Gruesome things have been turning up around Corolla lately. Immediately prior to Myrtle’s death, the burned body of a John Doe washed ashore. News of the murder entices Fire Chief Colleen McCabe into the beginning stages of the investigation despite well-meaning warnings for Colleen to mind her business from her best friend, Sheriff Bill Dorman. In the past, Colleen has demonstrated a tendency to conduct her own “unofficial” investigations without solicitation from the local police force.

With her tenacious Irish roots, Colleen is a tough protagonist, and definitely not one to be deterred from solving a mystery. She single-handedly whipped the firemen of Station 6 into shape and refused to tolerate any insubordination. Colleen is not afraid to go with her gut and get her hands dirty. With her trusty Border Collie, Sparky (who has a nose for sniffing out fire) alongside her, Colleen winds up at the center of all the action. Although she is in for a few bigger shocks than she could ever imagine.

Kathryn O’Sullivan is a first time novelist. With the offbeat characters, the coastal setting, and the wild horses, O’Sullivan emphasizes local color in Foal Play. She formulates many comedic encounters and interweaves them between more serious moments and surprising plot developments. Readers interested in mystery and and Outer Banks enthusiasts will enjoy this novel. Foal Play is a great read to get in the mood for summertime.

Check this title’s availability in the UNC-Chapel Hill Library catalog.

 

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Filed under 2010-2019, 2013, Coast, Currituck, Mystery, O'Sullivan, Kathryn

Sherryl Woods. Wind Chime Point. Don Mills, Ont: Harlequin Mira, 2013.

Wind Chime PointAfter successful PR maven Gabriella Castle winds up pregnant and unemployed, her entire life plan is blown off course. Gabi is a workaholic who has devoted herself to her position at a biomedical company. Her determination stems from a need to impress her disinterested father, Sam Castle, who has established himself the biomedical industry as an esteemed figure. Their relationship is strained, and Gabi is nervous about what her morally upright father will think of her condition. Before her pregnancy and her layoff Gabi set her ambitions to climbing the corporate ladder and landing a vice-presidency within the company. But those dreams seem impossibly distant from her reach, which is difficult for Gabi to handle. Gabi is a sensible planner and she feels adrift without structure guiding her life.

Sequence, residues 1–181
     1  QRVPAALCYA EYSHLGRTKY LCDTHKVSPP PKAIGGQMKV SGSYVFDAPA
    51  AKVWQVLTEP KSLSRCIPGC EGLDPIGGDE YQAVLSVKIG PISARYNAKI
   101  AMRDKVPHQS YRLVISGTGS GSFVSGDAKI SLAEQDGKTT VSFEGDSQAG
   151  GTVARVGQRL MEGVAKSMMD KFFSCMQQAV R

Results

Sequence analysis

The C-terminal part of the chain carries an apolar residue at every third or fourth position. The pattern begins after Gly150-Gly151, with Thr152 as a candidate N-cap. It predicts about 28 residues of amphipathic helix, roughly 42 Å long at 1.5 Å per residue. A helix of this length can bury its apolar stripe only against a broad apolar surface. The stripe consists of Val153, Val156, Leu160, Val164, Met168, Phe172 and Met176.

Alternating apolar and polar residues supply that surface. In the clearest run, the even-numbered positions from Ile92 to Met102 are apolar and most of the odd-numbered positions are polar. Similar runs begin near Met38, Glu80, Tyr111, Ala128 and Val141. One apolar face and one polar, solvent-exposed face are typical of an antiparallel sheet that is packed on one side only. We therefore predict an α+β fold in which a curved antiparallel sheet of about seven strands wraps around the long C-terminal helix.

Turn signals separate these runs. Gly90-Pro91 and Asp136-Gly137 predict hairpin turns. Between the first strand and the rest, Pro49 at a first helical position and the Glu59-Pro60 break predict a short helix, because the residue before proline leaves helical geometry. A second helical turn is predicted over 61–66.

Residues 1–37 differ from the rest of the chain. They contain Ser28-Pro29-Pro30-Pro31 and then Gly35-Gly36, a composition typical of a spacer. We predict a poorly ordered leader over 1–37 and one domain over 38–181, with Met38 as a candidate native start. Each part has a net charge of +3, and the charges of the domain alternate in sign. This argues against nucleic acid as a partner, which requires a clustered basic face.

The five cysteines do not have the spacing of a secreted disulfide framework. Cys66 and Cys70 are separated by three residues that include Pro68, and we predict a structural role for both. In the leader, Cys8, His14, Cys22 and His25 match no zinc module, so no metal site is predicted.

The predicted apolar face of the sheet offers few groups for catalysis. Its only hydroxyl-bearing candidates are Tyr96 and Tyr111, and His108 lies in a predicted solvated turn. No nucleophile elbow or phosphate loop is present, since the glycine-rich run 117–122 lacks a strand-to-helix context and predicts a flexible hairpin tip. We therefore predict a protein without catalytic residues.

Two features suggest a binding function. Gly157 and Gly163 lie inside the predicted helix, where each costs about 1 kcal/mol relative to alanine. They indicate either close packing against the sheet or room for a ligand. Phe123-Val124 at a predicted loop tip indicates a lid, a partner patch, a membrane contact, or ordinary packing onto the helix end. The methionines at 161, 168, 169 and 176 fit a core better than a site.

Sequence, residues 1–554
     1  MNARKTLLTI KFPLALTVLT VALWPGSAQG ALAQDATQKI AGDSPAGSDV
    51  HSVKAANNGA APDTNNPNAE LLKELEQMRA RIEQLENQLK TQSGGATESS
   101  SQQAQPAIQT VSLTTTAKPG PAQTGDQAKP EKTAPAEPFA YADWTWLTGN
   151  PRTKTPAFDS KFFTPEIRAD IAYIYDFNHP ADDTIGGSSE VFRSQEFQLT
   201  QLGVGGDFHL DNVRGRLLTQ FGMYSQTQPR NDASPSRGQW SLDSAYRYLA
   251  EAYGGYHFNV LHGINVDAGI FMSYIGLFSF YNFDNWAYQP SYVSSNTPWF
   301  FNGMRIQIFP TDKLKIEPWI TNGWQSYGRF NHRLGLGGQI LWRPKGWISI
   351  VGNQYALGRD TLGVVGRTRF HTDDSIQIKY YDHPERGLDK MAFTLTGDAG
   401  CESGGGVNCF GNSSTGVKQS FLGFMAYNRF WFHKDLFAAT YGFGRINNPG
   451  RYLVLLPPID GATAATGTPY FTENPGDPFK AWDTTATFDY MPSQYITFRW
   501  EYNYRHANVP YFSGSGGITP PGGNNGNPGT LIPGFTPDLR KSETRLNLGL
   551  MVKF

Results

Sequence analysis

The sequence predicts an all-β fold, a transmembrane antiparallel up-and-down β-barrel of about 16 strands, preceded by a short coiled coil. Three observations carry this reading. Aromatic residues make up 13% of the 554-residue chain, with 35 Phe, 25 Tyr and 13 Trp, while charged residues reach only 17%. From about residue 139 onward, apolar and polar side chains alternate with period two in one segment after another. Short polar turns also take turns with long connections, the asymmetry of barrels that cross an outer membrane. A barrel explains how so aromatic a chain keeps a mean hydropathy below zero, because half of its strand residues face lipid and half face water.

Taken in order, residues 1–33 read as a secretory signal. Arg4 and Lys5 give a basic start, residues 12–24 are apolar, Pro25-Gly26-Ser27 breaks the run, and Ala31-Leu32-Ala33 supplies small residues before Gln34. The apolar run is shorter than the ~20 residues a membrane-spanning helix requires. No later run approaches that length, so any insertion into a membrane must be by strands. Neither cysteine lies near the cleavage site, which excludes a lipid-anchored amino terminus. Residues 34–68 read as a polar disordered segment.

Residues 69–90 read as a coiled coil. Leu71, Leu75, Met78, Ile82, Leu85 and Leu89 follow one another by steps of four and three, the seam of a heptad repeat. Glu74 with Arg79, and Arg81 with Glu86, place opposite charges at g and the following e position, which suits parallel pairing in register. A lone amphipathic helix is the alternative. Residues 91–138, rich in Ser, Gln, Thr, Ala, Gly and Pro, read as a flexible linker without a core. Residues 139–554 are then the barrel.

The father of Gabi’s child and her boyfriend of five years, Paul Langley, expresses shock at the news and distances himself from the situation. Paul is a slick professional with little desire for starting a family. Now that the ties of Gabi’s former life in Raleigh have loosened, she returns to Sand Castle Bay on the coast of North Carolina at the urging of her older sister Samantha. Gabi’s younger sister, Emily, is engaged and in the throes of wedding planning and Samantha coaxes Gabi to join them for a reprieve from the hectic upheaval in her life. Gabi cautiously agrees to the vacation; her sisters and her grandmother, Cora Jane, tend to meddle with match-making. Gabi knows just who they intend to pair her up with and she is not interested in entering into a new relationship with anyone, not even the patient and gallant Wade Johnson.